A methodological study of the development of a home health care patient assessment instrument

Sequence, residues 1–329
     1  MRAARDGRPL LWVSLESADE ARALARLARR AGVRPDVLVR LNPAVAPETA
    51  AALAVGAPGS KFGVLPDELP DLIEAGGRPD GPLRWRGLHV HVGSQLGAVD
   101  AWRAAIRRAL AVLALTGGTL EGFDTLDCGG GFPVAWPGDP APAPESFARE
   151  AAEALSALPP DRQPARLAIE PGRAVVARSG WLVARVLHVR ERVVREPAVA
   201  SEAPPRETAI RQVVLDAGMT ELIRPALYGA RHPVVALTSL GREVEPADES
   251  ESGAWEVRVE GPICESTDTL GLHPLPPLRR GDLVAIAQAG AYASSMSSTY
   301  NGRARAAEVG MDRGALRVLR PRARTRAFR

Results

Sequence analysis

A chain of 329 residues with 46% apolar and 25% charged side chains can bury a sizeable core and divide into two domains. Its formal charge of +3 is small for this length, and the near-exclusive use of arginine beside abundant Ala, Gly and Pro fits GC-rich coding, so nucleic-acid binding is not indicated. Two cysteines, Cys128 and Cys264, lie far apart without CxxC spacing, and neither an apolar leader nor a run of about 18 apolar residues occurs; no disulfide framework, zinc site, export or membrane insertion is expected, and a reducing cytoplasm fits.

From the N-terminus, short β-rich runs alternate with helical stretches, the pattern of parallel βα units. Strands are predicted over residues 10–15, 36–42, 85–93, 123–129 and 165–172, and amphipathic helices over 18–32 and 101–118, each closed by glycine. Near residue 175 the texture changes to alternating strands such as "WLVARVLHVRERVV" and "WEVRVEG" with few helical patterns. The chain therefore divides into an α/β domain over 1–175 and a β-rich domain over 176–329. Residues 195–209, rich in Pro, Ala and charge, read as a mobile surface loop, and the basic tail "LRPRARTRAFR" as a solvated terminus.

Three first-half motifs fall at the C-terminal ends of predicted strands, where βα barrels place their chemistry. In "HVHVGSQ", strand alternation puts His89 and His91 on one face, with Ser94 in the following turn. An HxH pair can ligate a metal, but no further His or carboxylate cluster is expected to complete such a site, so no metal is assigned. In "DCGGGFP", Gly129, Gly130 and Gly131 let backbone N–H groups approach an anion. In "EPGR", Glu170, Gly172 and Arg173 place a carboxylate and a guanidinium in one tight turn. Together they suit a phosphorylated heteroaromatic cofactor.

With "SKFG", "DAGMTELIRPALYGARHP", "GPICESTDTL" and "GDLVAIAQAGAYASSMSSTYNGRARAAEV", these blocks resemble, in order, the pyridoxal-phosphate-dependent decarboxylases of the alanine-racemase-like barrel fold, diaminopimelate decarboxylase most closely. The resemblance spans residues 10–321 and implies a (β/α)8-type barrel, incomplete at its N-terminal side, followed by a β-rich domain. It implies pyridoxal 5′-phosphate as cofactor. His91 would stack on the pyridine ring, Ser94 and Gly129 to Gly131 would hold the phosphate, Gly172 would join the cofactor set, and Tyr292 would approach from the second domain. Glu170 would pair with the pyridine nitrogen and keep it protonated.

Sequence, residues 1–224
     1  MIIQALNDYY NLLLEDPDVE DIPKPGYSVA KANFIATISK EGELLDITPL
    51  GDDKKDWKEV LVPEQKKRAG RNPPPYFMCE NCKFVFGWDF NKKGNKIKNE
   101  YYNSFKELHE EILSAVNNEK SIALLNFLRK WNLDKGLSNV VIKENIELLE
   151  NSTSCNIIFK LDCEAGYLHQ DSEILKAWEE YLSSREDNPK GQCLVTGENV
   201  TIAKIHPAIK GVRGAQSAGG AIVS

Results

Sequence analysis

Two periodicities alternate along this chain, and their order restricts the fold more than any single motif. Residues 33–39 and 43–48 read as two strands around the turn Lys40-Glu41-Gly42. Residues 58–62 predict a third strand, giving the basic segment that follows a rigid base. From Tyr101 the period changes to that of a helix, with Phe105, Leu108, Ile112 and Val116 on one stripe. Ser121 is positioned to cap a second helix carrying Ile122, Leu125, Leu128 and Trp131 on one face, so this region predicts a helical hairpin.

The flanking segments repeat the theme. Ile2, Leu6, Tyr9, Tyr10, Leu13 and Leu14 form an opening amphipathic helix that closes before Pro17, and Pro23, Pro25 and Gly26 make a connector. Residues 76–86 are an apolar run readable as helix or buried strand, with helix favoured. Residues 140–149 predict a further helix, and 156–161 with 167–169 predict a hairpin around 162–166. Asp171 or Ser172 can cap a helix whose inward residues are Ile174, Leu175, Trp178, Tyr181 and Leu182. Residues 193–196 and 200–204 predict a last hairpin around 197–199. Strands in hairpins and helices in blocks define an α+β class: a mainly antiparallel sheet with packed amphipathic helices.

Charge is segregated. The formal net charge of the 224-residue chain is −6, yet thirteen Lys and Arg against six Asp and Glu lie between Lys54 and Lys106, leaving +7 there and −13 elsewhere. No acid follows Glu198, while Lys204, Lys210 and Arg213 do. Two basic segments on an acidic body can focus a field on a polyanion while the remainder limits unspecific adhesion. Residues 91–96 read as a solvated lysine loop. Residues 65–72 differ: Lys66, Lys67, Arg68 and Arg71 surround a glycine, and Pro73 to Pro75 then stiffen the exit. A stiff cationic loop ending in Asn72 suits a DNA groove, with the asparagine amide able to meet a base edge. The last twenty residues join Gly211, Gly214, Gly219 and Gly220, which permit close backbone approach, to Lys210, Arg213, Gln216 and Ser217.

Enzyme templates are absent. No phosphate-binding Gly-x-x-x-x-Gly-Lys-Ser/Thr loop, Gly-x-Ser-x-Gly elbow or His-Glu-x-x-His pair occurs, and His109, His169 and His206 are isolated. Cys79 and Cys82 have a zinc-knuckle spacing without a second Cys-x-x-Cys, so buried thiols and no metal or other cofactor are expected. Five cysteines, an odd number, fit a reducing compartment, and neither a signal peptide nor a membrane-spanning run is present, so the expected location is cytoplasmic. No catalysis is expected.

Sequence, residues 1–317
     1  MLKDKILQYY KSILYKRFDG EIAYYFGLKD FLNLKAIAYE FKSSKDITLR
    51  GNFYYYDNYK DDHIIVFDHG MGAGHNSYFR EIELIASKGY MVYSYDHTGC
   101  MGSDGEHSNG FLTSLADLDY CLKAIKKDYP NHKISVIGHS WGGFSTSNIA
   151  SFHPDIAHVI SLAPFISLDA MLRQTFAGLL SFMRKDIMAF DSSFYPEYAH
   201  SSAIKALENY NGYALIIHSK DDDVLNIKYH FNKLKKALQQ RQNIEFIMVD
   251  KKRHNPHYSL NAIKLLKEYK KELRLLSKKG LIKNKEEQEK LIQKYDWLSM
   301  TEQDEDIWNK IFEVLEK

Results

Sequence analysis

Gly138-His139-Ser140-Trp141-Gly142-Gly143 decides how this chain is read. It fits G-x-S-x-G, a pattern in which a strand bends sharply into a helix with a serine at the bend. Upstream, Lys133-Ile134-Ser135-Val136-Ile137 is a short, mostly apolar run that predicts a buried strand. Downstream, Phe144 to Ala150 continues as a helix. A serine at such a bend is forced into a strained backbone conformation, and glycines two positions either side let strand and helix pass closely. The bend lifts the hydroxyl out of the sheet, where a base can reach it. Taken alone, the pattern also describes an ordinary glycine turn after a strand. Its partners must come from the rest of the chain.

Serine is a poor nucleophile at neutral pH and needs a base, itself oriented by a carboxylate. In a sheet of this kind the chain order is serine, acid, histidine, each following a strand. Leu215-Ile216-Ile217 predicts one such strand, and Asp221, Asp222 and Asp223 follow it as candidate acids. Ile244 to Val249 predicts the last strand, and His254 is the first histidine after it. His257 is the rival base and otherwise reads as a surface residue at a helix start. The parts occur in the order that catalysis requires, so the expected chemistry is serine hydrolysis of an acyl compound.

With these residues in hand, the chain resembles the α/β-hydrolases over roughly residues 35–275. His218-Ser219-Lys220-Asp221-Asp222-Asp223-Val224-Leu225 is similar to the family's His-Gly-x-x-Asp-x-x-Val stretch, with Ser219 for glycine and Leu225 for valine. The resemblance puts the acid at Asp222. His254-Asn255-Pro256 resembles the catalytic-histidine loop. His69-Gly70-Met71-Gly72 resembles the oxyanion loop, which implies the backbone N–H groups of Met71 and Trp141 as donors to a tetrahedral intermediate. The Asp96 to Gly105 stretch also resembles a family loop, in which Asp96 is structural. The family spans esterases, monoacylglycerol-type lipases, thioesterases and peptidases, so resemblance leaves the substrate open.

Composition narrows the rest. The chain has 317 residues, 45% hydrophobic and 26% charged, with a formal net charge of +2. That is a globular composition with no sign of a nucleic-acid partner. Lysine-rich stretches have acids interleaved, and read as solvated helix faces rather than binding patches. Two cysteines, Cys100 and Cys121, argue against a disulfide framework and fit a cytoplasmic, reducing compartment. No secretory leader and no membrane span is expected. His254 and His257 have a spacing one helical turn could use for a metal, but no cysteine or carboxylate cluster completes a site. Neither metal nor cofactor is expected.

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The purpose of the study was to apply the methodological research process to the development of a valid and reliable instrument which would be used by registered nurses during the initial assessment of patients admitted to a home health care agency for services. The methodological research design was applied to the processes of instrument development and validity and reliability estimation. Eight nurses employed by the study agency volunteered to participate in a series of meetings during which they discussed their experiences and observations regarding patient assessment. As a result of the meetings, two pages of the four-page assessment tool previously used by the agency were modified. The new instrument included additional items related to assessment of psychosocial and caregiver issues as well as revisions in terminology and response formats. Information is presented regarding professional experience and educational preparation of the study agency nurses who volunteered to participate. Content validity was established by an expert panel of 13 nursing professionals who rated each of the draft instrument's 15 sections as "good", "fair", or "poor". The overall mean "good" rating of .89 surpassed the expected overall mean "good" rating of .80. A number of revisions suggested by the panel were included in the new instrument. Data regarding professional experience and educational preparation of the expert panel are presented. During the latter half of the study, the study agency began the process of merging with a hospital-based home care agency. As a result of difficulties encountered during the merger process, proposed plans for determining inter rater reliability were terminated. Involving agency nurses in a collaborative process to develop a patient assessment instrument provided a number of benefits to the nurses and to the practice of nursing. Study agency nurses had the opportunity to question established practice and to participate in a process which balanced clinical practice with nursing research. Nurses' involvement promoted potential acceptance of the instrument by agency nurses. Further research must acknowledge the fast-paced changes taking place in the health care market. More studies are needed which include nurses and which examine the content and process of patient assessment. The validity and reliability of assessment instruments must be clearly supported by multiple estimation methodologies.